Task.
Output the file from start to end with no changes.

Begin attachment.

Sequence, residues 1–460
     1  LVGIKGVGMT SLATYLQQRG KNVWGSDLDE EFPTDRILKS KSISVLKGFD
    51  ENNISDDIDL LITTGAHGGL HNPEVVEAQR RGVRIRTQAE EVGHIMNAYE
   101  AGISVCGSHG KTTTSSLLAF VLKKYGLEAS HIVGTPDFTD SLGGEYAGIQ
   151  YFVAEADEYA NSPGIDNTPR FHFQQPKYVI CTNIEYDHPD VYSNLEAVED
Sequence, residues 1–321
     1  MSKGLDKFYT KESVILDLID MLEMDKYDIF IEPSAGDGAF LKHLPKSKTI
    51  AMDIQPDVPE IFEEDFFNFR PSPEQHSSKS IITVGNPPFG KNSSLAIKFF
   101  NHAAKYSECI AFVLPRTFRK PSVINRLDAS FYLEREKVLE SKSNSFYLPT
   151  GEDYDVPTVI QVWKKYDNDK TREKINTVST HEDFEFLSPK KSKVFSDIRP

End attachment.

Sequence, residues 1–460
     1  LVGIKGVGMT SLATYLQQRG KNVWGSDLDE EFPTDRILKS KSISVLKGFD
    51  ENNISDDIDL LITTGAHGGL HNPEVVEAQR RGVRIRTQAE EVGHIMNAYE
   101  AGISVCGSHG KTTTSSLLAF VLKKYGLEAS HIVGTPDFTD SLGGEYAGIQ
   151  YFVAEADEYA NSPGIDNTPR FHFQQPKYVI CTNIEYDHPD VYSNLEAVED
Sequence, residues 1–321
     1  MSKGLDKFYT KESVILDLID MLEMDKYDIF IEPSAGDGAF LKHLPKSKTI
    51  AMDIQPDVPE IFEEDFFNFR PSPEQHSSKS IITVGNPPFG KNSSLAIKFF
   101  NHAAKYSECI AFVLPRTFRK PSVINRLDAS FYLEREKVLE SKSNSFYLPT
   151  GEDYDVPTVI QVWKKYDNDK TREKINTVST HEDFEFLSPK KSKVFSDIRP